Studies the ethics of the French colonial mission to medicalise Algeria in the nineteenth century, with new research on the history of massacres, extermination, and the lives of Algerian doctors
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'A welcome intervention in an emerging field...This is an engaged and sometimes provocative exploration of the moral and ideological structures of colonial medicine in Algeria. It invites us to examine medical practices and lived experiences so that we might see the tensions and fractures which lay at the heart of the idea of colonial medicine and a medicalized colonial society.' - Revue d'Histoire du XIXe Siecle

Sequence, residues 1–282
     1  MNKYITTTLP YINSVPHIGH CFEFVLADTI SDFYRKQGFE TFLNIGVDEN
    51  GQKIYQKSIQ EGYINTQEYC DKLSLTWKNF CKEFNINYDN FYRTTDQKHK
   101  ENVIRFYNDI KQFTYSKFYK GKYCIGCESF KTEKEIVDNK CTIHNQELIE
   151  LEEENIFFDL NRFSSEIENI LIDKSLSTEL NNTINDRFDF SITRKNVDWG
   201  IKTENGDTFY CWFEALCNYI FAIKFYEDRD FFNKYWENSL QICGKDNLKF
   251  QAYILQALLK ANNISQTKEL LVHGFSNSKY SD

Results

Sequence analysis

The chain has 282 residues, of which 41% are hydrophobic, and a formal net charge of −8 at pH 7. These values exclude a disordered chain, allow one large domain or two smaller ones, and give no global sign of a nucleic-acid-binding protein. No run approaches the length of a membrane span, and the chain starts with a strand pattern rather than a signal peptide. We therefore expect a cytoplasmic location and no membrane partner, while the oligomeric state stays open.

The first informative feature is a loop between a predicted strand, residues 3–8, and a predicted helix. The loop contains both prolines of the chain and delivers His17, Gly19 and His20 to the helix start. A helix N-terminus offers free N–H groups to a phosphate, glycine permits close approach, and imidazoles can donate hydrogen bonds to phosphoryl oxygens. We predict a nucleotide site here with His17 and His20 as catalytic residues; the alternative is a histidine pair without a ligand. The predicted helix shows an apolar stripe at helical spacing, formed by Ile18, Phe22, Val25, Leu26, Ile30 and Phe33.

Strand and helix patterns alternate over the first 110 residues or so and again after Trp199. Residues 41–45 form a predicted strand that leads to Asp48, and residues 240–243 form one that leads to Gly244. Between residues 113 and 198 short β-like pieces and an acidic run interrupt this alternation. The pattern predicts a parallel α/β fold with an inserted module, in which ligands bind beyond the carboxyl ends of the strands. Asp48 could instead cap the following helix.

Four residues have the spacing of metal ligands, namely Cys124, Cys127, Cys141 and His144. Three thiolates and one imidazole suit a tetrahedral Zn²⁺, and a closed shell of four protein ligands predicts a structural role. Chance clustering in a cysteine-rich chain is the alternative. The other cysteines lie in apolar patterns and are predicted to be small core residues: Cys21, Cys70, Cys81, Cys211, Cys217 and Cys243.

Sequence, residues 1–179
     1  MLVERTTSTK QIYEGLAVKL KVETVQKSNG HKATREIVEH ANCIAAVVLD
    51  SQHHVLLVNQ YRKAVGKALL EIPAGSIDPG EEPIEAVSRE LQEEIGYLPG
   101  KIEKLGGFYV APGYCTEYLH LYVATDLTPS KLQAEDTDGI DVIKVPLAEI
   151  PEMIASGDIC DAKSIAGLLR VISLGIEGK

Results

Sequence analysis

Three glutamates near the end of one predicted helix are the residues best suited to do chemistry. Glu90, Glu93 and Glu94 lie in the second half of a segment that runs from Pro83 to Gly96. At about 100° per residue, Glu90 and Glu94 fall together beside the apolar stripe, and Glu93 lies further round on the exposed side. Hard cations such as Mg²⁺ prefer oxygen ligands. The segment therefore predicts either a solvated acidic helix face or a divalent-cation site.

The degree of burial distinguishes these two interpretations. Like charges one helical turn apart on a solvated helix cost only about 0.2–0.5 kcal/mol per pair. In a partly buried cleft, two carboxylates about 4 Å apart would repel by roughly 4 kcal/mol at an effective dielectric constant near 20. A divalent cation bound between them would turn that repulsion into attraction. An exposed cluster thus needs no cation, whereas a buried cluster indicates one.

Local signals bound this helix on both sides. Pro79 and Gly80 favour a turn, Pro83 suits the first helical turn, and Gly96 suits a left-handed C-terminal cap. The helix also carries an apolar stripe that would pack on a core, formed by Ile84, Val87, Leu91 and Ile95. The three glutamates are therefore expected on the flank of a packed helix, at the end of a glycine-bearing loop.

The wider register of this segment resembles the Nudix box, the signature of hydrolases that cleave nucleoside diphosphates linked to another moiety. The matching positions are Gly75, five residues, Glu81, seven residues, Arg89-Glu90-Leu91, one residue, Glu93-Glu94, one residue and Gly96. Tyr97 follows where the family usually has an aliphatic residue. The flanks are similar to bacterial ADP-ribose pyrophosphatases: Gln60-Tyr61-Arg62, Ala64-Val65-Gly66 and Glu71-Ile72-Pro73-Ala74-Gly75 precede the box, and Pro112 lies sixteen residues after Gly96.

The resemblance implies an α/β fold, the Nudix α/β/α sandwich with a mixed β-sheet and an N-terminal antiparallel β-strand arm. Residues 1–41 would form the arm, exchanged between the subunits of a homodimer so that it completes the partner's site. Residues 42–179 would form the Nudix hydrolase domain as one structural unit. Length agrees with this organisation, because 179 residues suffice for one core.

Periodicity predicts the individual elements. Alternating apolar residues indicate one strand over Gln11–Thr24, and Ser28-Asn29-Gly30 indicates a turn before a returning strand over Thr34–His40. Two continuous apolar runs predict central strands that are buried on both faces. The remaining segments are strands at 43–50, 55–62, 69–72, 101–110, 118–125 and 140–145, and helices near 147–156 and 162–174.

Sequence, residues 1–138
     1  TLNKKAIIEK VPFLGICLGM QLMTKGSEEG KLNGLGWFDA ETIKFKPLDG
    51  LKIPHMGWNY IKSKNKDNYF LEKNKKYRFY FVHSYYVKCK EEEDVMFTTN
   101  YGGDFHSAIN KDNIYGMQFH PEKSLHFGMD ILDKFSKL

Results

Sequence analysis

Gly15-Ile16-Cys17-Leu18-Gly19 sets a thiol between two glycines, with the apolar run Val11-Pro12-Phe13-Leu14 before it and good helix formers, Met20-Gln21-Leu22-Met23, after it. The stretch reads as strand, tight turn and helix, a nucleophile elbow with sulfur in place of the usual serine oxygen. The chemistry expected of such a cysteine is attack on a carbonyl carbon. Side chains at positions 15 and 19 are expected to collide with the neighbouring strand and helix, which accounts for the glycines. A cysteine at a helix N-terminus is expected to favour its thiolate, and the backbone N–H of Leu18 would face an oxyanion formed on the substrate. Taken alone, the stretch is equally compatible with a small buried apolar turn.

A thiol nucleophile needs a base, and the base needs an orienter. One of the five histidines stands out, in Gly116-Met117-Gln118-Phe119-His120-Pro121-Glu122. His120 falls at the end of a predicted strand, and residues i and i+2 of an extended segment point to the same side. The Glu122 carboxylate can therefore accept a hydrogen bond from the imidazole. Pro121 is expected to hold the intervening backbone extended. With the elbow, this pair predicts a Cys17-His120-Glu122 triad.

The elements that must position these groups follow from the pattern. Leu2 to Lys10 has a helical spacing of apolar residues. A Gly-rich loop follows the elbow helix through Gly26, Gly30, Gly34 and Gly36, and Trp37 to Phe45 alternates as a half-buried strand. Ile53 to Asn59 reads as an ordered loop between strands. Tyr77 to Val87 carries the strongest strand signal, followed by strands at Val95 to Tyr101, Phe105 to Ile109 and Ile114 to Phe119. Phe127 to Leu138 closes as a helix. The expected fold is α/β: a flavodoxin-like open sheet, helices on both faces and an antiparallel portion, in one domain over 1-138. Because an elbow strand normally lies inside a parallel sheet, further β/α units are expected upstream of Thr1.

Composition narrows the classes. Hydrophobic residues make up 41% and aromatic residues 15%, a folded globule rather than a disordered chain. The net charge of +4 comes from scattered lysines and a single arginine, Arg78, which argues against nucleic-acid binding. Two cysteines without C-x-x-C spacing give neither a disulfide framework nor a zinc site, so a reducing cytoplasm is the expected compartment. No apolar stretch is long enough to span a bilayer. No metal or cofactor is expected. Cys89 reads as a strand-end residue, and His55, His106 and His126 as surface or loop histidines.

This book asks how ethics can help us to understand the encounter between French colonists and Algerians in the Nineteenth century. It focuses on questions of medicine since the claimed goodness of the French 'civilising mission' depended on the idea that the health of the Algerian people would be improved under imperial rule. In looking at the manner in which such moral claims were constructed and the way in which they operated in practice, Gallois offers one of the first comparative histories of medicine and ethics. The book argues that while the French failure to 'medicalise' Algerian society is well understood, histories of health also need to consider ways in which policies of massacre and extermination were conceived as being morally good, and how the diminution of the Algerian population was countenanced at moments of famine and epidemic disease. It also offers the first accounts of Algerian doctors working in colonial medicine, looking at the manner in which they developed an ethics of resistance to empire.
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